Guest Article: Connected Hubs Overview
Contributed by Allan Mulrooney from the CCJ Online Newsletter, Issue 32 - Autumn 2021. The National Hub Network Working Group led by the Department of Rural and Community Development (DRCD) has identified and mapped over 400 remote working hubs across the country.
The National Hub Network Working Group led by the Department of Rural and Community Development (DRCD) has identified and mapped over 400 remote working hubs across the country. These hubs are being invited to join the Connectedhubs.ie platform to create a shared infrastructure that will deliver real benefits across the country. The Western Development Commission is project managing this initiative on behalf of DRCD.
These hubs have multiple uses. They act as community hubs, enterprise centres, innovations spaces, co-working & hot-desking locations, and are an important part of the support system for early-stage, rurally based companies, and entrepreneurs to grow and develop.
The project will help create an ecosystem from the existing hubs. It will promote, market, and showcase the profile of the hubs within the communities they are located in and beyond.
The WDC also sees the hub network playing a vital role in the growing trend towards remote working as a means of attracting workers back to rural locations. Blended working has the potential to increase occupancy rates and turnover of the hubs, contributing to their sustainability and thereby assisting in the revitalisation of communities and supporting the move to a low carbon society.
The Multiple Uses of Hubs:
The Connectedhubs.ie platform offers a suite of booking, hub management and e-commerce applications to members of the National Hub Network. This suite of back-office ICT infrastructure aims to ease the burden of hub management and facilitate the creation of the network and ongoing participation in it.
The network will facilitate the sharing of innovation, experience, and best practices across the Irish hub community. These supports will serve to maximize the benefit to member hubs, hub clients, employers, local communities, and the wider economy. The network will also help hub managers to support their clients, encourage participation at events and sharing of best practices in hub management. It will also provide clear routes to further supports and, in the longer term, build a pipeline of innovation in communities.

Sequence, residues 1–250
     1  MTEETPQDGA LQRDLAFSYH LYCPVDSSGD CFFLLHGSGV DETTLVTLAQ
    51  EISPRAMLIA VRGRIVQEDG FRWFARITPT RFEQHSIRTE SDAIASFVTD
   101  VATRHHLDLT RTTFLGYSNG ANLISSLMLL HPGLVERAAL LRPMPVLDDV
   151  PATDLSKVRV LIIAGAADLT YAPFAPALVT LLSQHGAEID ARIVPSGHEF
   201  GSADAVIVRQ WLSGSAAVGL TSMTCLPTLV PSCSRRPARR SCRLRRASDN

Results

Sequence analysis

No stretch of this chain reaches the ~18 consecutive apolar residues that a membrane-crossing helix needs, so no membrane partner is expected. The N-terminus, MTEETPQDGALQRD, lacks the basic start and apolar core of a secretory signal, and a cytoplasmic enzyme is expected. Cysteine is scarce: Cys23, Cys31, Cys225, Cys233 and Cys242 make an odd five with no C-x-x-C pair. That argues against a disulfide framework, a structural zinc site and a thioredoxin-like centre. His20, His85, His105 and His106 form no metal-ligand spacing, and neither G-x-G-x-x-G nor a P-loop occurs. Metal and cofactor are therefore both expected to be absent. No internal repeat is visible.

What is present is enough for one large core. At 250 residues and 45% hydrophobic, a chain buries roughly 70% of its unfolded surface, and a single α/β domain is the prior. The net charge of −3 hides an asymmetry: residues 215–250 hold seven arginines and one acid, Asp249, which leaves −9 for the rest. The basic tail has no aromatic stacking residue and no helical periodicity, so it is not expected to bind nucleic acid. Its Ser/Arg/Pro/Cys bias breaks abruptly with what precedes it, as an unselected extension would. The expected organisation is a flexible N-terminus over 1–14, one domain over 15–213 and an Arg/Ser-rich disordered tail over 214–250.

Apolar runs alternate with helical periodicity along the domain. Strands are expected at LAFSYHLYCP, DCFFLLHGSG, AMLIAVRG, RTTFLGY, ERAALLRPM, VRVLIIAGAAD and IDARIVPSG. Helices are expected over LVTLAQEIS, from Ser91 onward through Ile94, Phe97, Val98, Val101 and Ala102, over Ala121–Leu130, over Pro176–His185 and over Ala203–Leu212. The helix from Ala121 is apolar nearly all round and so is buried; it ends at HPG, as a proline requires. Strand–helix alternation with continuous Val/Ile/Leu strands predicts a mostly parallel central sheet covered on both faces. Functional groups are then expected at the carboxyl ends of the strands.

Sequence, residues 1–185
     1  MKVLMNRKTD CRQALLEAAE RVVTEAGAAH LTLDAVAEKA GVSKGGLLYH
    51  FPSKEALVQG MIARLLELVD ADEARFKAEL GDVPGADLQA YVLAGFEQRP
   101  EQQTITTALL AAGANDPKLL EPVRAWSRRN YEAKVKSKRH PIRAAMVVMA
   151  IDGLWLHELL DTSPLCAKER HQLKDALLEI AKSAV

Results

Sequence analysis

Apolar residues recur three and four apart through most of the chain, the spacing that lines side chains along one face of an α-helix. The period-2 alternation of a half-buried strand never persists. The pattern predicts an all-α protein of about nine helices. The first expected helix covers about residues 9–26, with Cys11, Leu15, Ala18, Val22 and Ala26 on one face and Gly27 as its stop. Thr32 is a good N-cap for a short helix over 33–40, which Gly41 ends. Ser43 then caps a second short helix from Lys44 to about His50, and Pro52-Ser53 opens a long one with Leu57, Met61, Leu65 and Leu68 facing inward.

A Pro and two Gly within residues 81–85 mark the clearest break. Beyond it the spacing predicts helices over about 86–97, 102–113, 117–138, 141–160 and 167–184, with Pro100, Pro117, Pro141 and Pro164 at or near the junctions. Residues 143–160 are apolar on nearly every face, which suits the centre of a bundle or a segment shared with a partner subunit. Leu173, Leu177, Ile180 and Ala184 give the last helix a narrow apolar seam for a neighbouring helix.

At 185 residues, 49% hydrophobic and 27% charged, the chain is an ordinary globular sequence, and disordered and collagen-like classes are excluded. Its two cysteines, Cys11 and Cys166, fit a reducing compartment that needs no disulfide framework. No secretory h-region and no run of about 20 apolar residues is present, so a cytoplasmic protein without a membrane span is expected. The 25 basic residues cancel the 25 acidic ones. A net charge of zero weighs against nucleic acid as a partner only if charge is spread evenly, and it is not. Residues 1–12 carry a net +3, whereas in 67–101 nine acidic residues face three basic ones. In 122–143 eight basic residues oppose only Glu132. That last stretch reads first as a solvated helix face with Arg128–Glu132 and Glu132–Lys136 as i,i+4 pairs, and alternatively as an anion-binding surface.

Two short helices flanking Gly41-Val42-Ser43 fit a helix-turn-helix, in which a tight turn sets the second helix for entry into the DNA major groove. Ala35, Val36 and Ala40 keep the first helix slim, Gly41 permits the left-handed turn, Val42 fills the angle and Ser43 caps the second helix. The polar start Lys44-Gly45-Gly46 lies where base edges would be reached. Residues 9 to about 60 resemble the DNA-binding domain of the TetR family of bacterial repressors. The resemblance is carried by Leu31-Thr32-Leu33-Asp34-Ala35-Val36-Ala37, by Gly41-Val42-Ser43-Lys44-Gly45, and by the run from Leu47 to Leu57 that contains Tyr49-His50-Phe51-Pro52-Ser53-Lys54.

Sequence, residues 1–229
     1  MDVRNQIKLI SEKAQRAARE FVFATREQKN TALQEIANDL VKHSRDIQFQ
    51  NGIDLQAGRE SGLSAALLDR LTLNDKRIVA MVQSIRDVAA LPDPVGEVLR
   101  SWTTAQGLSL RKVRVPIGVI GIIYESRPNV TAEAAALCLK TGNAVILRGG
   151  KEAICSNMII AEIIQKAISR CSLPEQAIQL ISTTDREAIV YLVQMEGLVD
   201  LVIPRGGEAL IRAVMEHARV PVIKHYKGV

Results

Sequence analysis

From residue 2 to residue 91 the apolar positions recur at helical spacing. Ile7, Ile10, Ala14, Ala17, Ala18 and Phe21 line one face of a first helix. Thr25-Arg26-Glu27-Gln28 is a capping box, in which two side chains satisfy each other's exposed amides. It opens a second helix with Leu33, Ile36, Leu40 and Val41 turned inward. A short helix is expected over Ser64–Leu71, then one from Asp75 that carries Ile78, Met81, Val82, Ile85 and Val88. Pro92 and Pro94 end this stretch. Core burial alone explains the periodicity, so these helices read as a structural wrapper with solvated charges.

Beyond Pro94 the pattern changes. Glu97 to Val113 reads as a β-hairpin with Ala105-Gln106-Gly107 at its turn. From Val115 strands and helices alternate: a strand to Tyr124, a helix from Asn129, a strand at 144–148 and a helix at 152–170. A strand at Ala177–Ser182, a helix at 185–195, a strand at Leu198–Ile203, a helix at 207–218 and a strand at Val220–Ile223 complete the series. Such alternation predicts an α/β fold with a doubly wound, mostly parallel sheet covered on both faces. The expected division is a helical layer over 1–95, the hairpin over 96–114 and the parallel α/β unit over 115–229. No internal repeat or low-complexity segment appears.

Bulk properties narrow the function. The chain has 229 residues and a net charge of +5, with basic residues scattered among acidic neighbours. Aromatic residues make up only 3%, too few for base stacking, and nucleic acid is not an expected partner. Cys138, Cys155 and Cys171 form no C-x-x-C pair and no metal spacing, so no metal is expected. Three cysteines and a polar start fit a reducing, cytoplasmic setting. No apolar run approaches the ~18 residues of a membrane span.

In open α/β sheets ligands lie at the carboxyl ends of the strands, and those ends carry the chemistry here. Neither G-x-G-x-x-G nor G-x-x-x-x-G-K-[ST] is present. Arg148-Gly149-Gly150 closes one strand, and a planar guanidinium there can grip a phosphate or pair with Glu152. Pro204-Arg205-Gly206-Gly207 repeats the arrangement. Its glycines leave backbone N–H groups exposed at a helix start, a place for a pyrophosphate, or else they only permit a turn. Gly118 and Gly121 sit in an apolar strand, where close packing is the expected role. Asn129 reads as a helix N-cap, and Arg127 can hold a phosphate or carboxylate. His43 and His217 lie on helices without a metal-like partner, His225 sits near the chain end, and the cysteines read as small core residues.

Tomás Ó Síocháin, CEO of the Western Development Commission, said:
“The Connected Hubs Network is a critical element in enterprise and employment creation, economic restructuring, urban and rural regeneration, and attracting investment and talent to more rural locations. These hubs facilitate innovation and enterprise which can attract foreign direct investment and scaling indigenous businesses to local regions.”
Continuing on Tomás said:
“More recently we have seen the pandemic rapidly accelerate the evolution of remote working. Research by the Western Development Commission and NUI Galway has shown the vast majority wish to continue to work remotely and enjoy the flexibility and autonomy it offers. The Connected Hubs platform offers the facilities and community of office life without the commute and will assist companies and their employees by allowing greater flexibility to blend home, office and hub working. This in turn, will increase staff well- being and retention, and help them maintain productivity in a suitable working environment. By having a platform to book these hubs, people now have the freedom and flexibility to transform their workday by reducing their commute to their employer’s workplace, while still reaping the benefits of working in an office setting. From Carndonagh to Bundoran in Donegal to Sneem in Kerry, members of the public now have the freedom to work in any hub of their choosing.”
Finally, Stephen Carolan, Enterprise Hubs Project Manager for the Western Development Commission said:
“We’d like to thank all the stakeholders and members of hub management that have worked with us over the last 18 months in the creation and development of the Connected Hubs Platform. We are honoured to have been able to collaborate with them on a network that will connect communities and maximise local employment opportunities. It is their voices that have been critical in shaping the network and the underpinning policy that will continue to shape it in the future.”
SERI would like to thank Alan Mulrooney and CCJ for allowing this article to be included on the SERI website.